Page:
“The best thing we can do with exit (is) judicial foreclosure, ruin the credit and enforce the contract,” said Ken McKelvey, chair of the American Resort Development Association-Resort Owners Coalition, according to letterhead minutes of the April 10, 2019 ARDA-ROC meeting.  (Contacted about the meeting notes, ARDA did not dispute their authenticity but said that in the minutes, McKelvey’s quotes were taken out of context.)

At a 2019 Florida legislative workshop I attended, Mr. McKelvey testified:  

“Most of the developers I know and certainly most of the timeshare managers I know, and I managed timeshare properties for thirty years… every single resort had a dissolution policy, every single one (one). There was a way to get out. You had to come to your management company, and based on what the board of directors instructed us to do in the terms if they had to pay a fee or if they had to be current, whatever those situations were, we did not have a one that did not have a dissolution policy and a hardship policy….” 

Timeshare members donate $5 to $10 per contract to ARDA-ROC in mostly “opt-out” donations. These donations are not as voluntary as they sound. When I asked that the $7 not be charged to my credit card along with my maintenance fees, it was charged anyway. When I called to ask that the $7 be removed, I was told they had to fill out an internal form to do so. That was back in January. Another member recently reported they had to call three times to have the $7 removed. Collectively, ARDA-ROC raises approximately $5 million a year from members.  

Following are five additional disturbing reports:

  1. One developer’s contract used to specifically state that they do not pursue summary judgments. That language has been removed.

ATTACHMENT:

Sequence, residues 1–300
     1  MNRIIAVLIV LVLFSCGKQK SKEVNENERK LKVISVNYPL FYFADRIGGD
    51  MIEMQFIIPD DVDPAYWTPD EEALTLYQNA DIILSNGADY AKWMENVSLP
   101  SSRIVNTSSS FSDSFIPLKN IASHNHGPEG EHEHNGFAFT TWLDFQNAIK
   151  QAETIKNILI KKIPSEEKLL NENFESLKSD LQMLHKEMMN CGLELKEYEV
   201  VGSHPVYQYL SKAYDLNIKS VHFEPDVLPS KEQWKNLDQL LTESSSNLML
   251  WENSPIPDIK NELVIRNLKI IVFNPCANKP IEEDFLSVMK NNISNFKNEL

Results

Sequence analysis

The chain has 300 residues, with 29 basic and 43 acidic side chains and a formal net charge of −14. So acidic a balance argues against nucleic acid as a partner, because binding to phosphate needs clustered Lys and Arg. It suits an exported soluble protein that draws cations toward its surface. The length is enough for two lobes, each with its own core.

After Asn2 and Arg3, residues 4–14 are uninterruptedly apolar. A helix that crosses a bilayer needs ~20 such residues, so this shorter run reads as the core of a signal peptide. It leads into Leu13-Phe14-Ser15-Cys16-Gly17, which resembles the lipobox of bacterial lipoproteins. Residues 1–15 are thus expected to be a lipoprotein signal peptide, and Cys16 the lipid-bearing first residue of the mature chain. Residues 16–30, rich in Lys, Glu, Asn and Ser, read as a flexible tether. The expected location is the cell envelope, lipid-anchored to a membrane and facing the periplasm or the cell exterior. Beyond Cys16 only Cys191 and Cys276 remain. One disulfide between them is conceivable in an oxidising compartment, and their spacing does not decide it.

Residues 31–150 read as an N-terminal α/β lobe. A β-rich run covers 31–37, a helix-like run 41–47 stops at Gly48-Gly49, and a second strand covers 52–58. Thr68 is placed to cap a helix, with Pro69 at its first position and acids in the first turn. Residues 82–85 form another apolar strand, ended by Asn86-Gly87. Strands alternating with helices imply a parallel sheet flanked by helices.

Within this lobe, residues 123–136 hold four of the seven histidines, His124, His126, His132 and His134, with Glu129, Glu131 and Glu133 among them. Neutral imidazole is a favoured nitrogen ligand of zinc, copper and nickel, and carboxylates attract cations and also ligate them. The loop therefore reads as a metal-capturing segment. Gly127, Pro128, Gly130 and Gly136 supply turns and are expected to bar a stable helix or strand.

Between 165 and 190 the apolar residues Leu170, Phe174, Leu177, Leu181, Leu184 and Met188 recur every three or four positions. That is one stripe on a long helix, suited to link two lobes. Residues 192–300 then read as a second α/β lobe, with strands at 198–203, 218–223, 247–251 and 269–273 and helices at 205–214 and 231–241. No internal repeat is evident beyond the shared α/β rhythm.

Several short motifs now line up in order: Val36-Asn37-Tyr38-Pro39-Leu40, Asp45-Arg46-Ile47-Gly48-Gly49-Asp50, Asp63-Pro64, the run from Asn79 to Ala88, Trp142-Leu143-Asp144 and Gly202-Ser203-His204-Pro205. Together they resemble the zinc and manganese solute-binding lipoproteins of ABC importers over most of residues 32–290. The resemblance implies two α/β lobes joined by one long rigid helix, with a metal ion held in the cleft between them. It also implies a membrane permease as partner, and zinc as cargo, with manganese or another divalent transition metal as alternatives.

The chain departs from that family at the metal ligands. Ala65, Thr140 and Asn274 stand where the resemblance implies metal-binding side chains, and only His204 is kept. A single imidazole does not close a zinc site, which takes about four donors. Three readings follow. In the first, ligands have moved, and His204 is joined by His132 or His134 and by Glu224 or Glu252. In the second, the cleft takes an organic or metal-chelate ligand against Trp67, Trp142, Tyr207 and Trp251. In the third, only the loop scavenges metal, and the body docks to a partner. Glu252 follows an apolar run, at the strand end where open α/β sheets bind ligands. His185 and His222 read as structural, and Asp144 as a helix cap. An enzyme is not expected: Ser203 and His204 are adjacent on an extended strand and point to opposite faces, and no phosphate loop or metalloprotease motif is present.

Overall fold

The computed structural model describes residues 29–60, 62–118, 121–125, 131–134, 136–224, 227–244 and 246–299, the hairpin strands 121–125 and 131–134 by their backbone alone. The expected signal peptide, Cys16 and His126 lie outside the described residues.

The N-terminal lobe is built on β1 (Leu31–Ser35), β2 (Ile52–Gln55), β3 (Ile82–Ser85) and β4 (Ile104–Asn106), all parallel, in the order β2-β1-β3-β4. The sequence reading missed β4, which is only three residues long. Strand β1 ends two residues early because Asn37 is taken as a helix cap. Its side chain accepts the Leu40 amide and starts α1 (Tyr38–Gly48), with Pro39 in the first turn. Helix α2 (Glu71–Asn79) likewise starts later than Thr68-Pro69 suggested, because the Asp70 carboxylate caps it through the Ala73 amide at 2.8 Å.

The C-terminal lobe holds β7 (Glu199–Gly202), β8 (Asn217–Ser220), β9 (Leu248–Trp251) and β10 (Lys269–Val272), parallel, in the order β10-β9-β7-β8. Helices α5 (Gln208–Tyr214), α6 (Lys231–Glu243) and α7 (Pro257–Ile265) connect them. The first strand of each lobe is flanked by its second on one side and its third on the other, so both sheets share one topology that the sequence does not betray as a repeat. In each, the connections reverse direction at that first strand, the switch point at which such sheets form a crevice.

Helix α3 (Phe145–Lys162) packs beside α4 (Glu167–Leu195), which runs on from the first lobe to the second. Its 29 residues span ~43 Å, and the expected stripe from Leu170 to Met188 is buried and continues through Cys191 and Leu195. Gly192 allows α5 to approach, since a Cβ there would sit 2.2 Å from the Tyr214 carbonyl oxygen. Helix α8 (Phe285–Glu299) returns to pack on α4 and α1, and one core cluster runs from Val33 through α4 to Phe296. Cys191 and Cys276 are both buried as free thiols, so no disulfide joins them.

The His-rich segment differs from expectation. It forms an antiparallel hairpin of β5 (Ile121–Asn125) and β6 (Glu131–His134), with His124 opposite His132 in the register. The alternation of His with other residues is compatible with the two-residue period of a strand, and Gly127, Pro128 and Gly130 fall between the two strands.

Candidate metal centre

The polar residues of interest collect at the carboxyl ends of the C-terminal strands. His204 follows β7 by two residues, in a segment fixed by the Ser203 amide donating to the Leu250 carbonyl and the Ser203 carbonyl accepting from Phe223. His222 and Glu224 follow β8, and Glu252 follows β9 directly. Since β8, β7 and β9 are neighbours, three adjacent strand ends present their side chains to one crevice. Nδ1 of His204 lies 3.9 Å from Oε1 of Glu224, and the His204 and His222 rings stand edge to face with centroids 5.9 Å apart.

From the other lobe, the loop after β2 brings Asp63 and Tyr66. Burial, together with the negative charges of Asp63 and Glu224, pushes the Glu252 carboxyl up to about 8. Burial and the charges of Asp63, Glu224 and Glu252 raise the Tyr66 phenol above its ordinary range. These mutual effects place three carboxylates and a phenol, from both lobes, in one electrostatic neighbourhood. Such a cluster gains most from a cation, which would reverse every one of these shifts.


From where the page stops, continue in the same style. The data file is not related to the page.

2. Eric Olsen, an attorney of 42 years, was quoted in Kiplinger, to the ire of timeshare developers, when asked what happens when someone stops paying: “I ran this often-asked question by Salem, Ore.-based attorney Eric Olsen, founder of HELPS, a national nonprofit law firm that helps lower-income seniors with debt they can’t afford to pay. Olsen concluded our interview by urging readers to, “Consider walking away from the timeshare, as they generally have no value. Stop paying and ignore their communications.   It will eventually get foreclosed and owing any deficiency is highly unlikely.” Kiplinger, April 26, 2021  
  3. Westgate’s VP of Mortgage Services stated in recent court documents that Westgate “probably” has a 30% default rate. Westgate’s lenders can’t be happy with that high default rate. Other developers have default rates that exceed 20%.
  4. Hilton Grand Vacations and Orange Lake/Holiday Inn have sued members defaulting on loans, according to one exit provider.
  5. Another source reported an upsurge in attorney hiring.    

What does this mean to timeshare members and owners?

According to HomeGuidesSF:

The company may sue you in civil court to obtain a judgment. If the judge issues a judgment against you, the management company may garnish your wages or levy your bank account to get the money you owe.